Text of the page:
By Martyn Herman

LONDON (Reuters) - Deposed world number one Novak Djokovic suffered a scare at the hands of Austrian debutant Dominic Thiem before launching his bid for a fifth successive ATP World Tour Finals title with a 6-7(10) 6-0 6-2 victory on Sunday.

Knocked off the summit he had occupied for 122 weeks by Andy Murray last week, Djokovic must better his British rival's performance at London's O2 Arena to snatch back the top ranking, but things did not go entirely to plan.

Thiem, the youngest of the eight qualifiers for the year-ender at 23, grew increasingly dangerous throughout the first set and blazed several stunning winners to pocket a gripping breaker on his seventh set point.

After that, though, the match was a procession as Djokovic racked up a 19th win in his last 20 matches at the tournament.

Even after sealing victory though, Djokovic's mood was soured by a reporter asking him about an angry reaction to losing the opening set when the Serb slammed a ball into the ground and it bounced into the stands, prompting a warning from the umpire.

When it was suggested he could have found himself in hot water had the ball hit a spectator, a tetchy Djokovic snapped: "It could have been yeah, but it could have snowed in the O2 Arena as well, but it didn't."

Hiccups aside, including a cut finger that required treatment, the 12-times grand slam champion was happy to get a victory that now turns the spotlight on Murray who plays Marin Cilic in his opening match on Monday.

Djokovic, bidding to end the year ranked number one for the fifth time in six seasons, trails Murray by 405 points in the standings but Murray will lose the 275 points he gained for winning the Davis Cup for Britain last year.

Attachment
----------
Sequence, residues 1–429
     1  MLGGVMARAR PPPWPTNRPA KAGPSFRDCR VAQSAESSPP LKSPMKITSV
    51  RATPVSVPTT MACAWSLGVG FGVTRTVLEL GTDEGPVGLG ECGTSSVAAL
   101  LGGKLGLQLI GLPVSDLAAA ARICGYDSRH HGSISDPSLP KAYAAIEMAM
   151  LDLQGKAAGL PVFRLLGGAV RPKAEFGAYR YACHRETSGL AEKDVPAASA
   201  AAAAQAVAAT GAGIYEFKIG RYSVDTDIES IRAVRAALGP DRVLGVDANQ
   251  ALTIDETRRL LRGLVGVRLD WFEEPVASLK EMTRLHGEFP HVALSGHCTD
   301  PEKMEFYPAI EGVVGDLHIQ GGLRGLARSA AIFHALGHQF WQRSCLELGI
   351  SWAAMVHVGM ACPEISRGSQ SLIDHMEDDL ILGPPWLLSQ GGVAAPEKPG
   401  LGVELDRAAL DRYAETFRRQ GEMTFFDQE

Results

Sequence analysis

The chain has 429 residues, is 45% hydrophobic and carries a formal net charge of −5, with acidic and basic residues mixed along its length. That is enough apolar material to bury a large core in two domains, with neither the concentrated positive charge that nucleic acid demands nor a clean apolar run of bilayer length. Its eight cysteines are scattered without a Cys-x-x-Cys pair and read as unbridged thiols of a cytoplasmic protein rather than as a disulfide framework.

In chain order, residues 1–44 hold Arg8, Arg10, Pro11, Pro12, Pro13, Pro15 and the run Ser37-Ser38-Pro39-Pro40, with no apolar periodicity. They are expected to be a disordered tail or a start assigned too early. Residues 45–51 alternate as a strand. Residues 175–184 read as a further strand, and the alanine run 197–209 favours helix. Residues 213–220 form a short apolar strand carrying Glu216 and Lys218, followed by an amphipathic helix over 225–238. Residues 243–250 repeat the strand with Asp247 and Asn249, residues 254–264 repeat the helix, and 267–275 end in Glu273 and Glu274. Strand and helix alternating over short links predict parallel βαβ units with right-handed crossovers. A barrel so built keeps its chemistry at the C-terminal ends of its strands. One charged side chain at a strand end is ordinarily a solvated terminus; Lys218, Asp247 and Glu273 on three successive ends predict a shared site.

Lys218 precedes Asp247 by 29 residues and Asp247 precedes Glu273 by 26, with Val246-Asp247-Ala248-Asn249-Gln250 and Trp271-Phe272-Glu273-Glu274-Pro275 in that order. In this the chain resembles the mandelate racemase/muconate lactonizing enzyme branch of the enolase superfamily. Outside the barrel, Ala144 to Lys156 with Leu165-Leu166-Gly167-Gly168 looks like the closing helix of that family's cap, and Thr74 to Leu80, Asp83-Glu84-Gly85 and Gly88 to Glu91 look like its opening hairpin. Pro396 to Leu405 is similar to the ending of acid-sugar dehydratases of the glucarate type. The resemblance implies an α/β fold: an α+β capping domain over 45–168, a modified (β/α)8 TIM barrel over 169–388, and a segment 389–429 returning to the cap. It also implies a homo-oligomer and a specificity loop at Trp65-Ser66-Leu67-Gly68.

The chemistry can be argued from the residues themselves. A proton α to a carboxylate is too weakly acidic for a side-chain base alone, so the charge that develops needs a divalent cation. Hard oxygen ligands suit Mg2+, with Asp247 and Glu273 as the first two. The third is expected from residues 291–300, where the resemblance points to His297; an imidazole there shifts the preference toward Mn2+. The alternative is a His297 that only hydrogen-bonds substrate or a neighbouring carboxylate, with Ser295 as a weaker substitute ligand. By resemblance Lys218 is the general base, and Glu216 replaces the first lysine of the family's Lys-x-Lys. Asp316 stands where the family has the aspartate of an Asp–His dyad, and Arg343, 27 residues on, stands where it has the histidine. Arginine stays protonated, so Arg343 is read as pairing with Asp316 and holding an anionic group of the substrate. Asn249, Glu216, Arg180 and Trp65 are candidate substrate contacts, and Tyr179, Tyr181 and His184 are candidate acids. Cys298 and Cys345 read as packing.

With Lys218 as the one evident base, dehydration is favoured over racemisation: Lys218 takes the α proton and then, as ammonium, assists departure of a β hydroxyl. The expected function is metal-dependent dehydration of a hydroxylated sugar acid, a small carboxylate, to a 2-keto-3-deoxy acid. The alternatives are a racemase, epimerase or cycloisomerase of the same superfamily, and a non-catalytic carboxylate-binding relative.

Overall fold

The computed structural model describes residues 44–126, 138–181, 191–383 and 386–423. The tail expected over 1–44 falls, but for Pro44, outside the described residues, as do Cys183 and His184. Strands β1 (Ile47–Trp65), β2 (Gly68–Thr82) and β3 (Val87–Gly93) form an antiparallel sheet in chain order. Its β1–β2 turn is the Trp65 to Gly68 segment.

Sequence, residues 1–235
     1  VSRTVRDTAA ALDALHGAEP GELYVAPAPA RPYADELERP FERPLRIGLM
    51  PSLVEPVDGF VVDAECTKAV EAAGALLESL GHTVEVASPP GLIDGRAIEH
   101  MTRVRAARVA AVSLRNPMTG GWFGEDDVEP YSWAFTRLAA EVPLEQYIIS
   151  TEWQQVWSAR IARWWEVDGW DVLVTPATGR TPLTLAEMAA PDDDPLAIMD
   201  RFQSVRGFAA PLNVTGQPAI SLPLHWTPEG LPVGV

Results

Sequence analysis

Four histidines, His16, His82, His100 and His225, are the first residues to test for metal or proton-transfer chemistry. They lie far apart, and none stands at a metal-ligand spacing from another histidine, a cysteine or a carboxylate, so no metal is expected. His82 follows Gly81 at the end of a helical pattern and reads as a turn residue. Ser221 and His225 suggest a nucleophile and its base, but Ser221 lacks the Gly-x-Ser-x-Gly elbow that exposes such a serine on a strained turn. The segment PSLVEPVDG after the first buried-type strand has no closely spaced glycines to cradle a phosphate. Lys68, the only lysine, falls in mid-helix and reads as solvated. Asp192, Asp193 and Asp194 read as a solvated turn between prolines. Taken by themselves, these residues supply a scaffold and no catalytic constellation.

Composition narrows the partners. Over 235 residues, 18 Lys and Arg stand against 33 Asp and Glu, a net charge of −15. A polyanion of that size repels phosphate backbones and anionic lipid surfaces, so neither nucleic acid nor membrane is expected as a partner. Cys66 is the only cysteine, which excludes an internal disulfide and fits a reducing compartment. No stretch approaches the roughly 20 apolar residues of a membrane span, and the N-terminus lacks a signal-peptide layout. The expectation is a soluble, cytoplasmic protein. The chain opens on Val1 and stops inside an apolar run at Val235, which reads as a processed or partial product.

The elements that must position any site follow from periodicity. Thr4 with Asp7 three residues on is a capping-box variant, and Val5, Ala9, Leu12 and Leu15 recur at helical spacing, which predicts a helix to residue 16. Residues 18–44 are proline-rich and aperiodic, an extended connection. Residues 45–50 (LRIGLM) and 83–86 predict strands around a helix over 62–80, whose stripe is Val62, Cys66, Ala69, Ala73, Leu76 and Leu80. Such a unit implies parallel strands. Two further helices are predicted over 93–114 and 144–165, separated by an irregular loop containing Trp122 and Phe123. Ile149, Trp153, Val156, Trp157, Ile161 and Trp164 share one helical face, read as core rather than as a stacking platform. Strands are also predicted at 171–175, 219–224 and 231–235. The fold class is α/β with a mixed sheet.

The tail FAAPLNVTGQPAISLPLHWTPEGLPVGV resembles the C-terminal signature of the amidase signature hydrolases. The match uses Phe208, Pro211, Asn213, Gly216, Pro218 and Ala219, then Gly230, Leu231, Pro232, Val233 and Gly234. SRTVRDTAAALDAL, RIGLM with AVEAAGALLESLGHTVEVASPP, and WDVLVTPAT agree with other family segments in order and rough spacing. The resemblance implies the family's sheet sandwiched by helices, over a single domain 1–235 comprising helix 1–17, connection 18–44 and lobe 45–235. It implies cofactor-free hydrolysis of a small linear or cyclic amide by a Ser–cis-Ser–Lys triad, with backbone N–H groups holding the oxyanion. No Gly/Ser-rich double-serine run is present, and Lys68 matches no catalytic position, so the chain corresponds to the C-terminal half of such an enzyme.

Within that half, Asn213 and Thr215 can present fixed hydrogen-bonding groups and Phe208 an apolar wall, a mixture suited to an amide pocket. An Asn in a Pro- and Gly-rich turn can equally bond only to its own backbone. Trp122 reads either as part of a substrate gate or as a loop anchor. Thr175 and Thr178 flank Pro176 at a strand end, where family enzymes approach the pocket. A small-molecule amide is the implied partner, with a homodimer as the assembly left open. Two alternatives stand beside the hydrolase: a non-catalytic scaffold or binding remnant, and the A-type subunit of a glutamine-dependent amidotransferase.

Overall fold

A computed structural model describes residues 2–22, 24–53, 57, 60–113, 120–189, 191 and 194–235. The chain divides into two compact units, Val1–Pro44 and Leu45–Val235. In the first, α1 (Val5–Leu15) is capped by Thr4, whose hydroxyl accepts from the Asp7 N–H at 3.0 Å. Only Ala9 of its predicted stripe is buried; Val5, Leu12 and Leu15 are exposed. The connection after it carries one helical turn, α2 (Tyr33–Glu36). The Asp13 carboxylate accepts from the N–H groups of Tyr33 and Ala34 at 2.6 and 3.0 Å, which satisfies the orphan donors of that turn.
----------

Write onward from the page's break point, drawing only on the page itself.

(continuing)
That means they are virtually neck-and-neck and the 200 points Djokovic earned for beating Thiem edged him ahead in what is turning into a thrilling race for the year-end honor.

Djokovic's Ivan Lendl group looks easier than Murray's section. As well as Thiem, the Serb will face Canada's Wimbledon runner-up Milos Raonic and Gael Monfils.

He has never lost a match to any of them although Raonic was in ominously good form as he overpowered Monfils 6-3 6-4 in Sunday's late match -- offering not a single break point in a dominant display.

Murray takes on former U.S. Open champion Cilic in the John McEnroe group on Monday and also faces reigning U.S. Open champion Stan Wawrinka and Japan's Kei Nishikori, who beat the Scot at Flushing Meadows this year.

Without doing anything spectacular Djokovic was cruising throughout the first set against Thiem, dropping only four points on serve on the way to a 5-4 lead.

Thiem was not overawed though and forced Djokovic to save a break point at 5-5.

The tiebreaker was a classic. Three sublime winners helped Thiem into a 6-3 lead but he twice double-faulted as Djokovic clawed back to 6-6.

Thiem had three further set points to Djokovic's one before nailing a forehand winner at 11-10 to huge roars from the sell-out crowd in the arena.

Djokovic, whose grip on men's tennis has been prised loose since he won the French Open in June, seized on a Thiem wobble to run away with the second set in 23 minutes.

While Thiem offered more resistance in the third there was only going to be one winner once Djokovic broke to lead 2-1.

"I knew the opening couple of games of the second set would be crucial for me," Djokovic said.

"I started swinging more freely."

(Reporting by Martyn Herman, editing by Pritha Sarkar)